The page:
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  • Evidence For Hope: Making Human Rights Work in the 21st Century by Kathryn Sikkink
  • Herbert Hirsch
Kathryn Sikkink. Evidence For Hope: Making Human Rights Work in the 21st Century. Princeton, NJ: Princeton University Press, 2017. Pp. 318, hardcover, $35.00 US.

It is ironic that this book, which argues that human rights have made successful advances in spite of the challenges of the modern era, appears as the very concept of human rights is under attack on multiple fronts. In fact, Sikkink correctly notes that there has been a "recent increase of pessimism about the legitimacy and effectiveness of human rights law, institutions, and movements" (3). She points out that this comes from multiple sources including "governments and scholars, and more importantly from many within human rights movements" (3). After acknowledging the challenges facing implementation of a human rights agenda she proceeds, in this book, to argue that the pessimism generated by this perspective ignores the important advances in human rights demonstrated by events such as the decline of colonialism and the advance of women's rights around the globe. She also argues that the "decline in genocide and politicide in the world, the declining number of battle deaths as well as the number of civilians killed in war, a declining use of the death penalty, and dramatic improvements in equality for women" (9) indicates that the pessimism is exaggerated and that positive advances have been ignored.

Throughout the book Sikkink makes the argument that there has been an historic improvement and evolution of human rights protections. To support this claim she lists a number of human rights declarations as well as the creation of the International Criminal Court (ICC). What she does not do, however, is evaluate the success of these institutions. Have they been effective is stemming the human rights violations of the twenty-first century? Sikkink ignores negative trends like the fact that countries such as the Philippines and South Africa, and organizations such as the African Union are planning to withdraw from the ICC and accuse it of bias since it focuses on small countries committing large crimes but not on large countries committing large crimes. [End Page 124] This is further ammunition for the accusation that national and international politics determine the direction of human rights protections.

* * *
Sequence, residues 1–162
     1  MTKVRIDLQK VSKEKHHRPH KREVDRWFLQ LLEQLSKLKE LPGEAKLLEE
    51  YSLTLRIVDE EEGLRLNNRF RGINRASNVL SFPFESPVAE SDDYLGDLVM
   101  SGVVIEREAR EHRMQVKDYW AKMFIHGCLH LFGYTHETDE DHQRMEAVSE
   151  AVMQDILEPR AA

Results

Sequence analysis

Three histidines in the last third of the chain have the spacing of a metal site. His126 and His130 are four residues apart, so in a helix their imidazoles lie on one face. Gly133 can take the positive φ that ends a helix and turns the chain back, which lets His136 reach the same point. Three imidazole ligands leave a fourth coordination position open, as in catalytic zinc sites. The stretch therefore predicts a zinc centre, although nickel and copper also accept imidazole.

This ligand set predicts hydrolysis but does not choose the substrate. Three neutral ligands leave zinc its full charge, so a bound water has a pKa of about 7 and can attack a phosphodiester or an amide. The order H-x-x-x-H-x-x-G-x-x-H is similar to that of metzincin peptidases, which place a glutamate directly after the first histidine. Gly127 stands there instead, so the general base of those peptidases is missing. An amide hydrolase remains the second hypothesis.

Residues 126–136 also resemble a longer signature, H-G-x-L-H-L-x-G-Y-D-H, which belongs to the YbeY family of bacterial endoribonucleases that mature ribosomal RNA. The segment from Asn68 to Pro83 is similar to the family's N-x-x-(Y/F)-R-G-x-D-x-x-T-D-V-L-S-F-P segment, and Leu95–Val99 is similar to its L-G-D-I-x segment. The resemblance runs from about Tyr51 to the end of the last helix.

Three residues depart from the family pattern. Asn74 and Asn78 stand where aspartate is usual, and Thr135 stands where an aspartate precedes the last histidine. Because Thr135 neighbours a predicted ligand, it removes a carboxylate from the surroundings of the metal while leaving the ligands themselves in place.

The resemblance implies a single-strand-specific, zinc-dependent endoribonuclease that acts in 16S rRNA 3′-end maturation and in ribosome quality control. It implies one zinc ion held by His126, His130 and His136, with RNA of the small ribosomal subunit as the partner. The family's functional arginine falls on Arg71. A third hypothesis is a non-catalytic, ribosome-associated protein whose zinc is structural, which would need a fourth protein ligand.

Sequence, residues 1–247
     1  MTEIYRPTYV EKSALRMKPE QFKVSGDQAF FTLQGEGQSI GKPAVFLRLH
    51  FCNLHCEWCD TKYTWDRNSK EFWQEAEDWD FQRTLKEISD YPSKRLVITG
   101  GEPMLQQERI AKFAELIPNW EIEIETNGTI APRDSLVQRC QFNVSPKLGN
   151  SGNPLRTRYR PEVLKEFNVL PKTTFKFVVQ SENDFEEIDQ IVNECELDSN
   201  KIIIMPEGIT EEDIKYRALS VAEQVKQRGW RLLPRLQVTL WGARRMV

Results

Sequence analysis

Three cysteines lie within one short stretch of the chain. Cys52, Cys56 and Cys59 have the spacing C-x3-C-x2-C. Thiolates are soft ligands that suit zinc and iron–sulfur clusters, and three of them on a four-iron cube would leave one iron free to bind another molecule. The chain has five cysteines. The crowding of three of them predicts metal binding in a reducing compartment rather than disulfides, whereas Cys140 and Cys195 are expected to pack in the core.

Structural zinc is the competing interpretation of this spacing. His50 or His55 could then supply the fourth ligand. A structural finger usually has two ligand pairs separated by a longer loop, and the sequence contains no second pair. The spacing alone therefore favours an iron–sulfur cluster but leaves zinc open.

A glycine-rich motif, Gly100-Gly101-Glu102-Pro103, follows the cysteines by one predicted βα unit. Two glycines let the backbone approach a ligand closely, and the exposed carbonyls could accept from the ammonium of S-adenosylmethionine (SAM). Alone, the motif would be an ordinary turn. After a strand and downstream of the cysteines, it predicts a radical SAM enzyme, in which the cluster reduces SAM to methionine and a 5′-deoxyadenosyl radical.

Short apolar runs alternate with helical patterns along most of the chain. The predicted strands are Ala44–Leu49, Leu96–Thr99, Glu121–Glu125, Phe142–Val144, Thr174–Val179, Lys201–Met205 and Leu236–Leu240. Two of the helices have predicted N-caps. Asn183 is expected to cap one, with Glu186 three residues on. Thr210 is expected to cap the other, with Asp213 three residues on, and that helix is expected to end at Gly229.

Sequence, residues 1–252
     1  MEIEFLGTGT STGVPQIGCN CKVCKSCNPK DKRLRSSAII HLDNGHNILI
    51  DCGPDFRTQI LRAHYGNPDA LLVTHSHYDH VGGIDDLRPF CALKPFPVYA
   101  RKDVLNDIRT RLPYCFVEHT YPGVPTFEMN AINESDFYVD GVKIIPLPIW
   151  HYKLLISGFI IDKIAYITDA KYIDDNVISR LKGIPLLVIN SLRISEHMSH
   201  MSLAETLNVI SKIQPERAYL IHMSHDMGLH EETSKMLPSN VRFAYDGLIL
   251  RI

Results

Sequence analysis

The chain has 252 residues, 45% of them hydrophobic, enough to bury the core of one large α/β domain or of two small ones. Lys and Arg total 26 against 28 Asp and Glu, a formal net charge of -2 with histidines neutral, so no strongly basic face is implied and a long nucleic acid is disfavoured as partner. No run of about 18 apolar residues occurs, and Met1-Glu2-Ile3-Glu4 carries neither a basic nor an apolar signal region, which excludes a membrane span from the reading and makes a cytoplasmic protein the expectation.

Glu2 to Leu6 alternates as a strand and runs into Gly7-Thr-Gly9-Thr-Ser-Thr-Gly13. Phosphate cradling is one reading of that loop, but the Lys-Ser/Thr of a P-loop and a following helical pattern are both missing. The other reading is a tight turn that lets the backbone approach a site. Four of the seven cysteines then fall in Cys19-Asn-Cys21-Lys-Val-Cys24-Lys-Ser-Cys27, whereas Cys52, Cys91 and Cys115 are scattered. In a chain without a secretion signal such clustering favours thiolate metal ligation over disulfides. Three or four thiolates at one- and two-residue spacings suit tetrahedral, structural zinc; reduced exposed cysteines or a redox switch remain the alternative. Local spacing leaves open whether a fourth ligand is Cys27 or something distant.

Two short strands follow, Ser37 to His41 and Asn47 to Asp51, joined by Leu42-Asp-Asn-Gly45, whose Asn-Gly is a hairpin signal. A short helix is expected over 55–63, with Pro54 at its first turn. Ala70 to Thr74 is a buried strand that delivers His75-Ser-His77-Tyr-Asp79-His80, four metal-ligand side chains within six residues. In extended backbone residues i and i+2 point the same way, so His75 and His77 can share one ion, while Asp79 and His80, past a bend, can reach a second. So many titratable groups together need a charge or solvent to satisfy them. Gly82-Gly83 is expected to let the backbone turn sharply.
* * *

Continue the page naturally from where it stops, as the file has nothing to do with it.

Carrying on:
Her view echoes that of other recent books that pursue the same positive view, most recently Steven Pinker.1

Of course, these arguments describe a perception of reality from the security of an academic office, and the historical trends are broadly accurate if you accept the timeline and the definitions of "progress." That is, if one compares the present to World War II, of course, combat deaths have declined and yes, there have been many advances. However, if one were sitting as a Rohinga in Myanmar, or under attack in Syria, or threatened by famine in South Sudan, or various places still facing massive human rights violations and violence the view would be very different. This reflects a major problem with arguments concerning the impact of human rights on the real life experiences of large numbers of people.

In short, this is one of those books written to make us feel that the world is not really experiencing a crisis of human rights violations and to act as a reinforcement for those in the movement. In this case, Sikking, following Pinker, argues for what she calls "hope" and her argument as far as it goes, is persuasive if naïve. It is naïve since it ignores or minimizes modern trends and troubling changes in both domestic and international politics.

Of course it is important to not give in to despair and to maintain a positive perspective. This helps to propel a human rights agenda without giving up to periodic patterns that appear to fly in the face of the good feelings. One problem is that good feelings can make us numb, and when we are numb we are slow to respond. Further, we too easily lapse into self-congratulation such that we're inclined to give ourselves a pass for moments where we do not react to a crisis. Sikkink would encourage us to smile...


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pp. 124-128
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